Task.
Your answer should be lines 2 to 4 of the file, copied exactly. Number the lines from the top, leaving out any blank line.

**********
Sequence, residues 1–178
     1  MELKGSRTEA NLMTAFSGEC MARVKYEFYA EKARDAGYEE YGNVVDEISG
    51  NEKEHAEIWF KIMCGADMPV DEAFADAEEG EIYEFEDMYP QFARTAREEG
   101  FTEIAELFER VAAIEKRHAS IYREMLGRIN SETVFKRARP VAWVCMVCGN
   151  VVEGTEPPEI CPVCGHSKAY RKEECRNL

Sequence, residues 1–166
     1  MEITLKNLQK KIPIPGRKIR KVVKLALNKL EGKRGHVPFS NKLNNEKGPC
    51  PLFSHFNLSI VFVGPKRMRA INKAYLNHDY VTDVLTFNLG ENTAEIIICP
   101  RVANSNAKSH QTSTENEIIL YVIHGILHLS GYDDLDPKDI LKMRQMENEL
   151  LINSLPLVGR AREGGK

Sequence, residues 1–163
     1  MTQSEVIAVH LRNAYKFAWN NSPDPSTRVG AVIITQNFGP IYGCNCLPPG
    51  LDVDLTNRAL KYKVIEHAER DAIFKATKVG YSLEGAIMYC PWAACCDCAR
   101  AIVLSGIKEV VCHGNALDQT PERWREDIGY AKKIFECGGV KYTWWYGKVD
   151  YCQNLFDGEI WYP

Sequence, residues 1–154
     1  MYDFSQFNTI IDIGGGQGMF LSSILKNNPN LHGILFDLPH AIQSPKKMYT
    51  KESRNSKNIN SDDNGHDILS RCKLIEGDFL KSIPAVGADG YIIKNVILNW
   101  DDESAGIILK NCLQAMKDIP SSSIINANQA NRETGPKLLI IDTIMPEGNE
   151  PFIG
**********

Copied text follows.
     1  MELKGSRTEA NLMTAFSGEC MARVKYEFYA EKARDAGYEE YGNVVDEISG
    51  NEKEHAEIWF KIMCGADMPV DEAFADAEEG EIYEFEDMYP QFARTAREEG
   101  FTEIAELFER VAAIEKRHAS IYREMLGRIN SETVFKRARP VAWVCMVCGN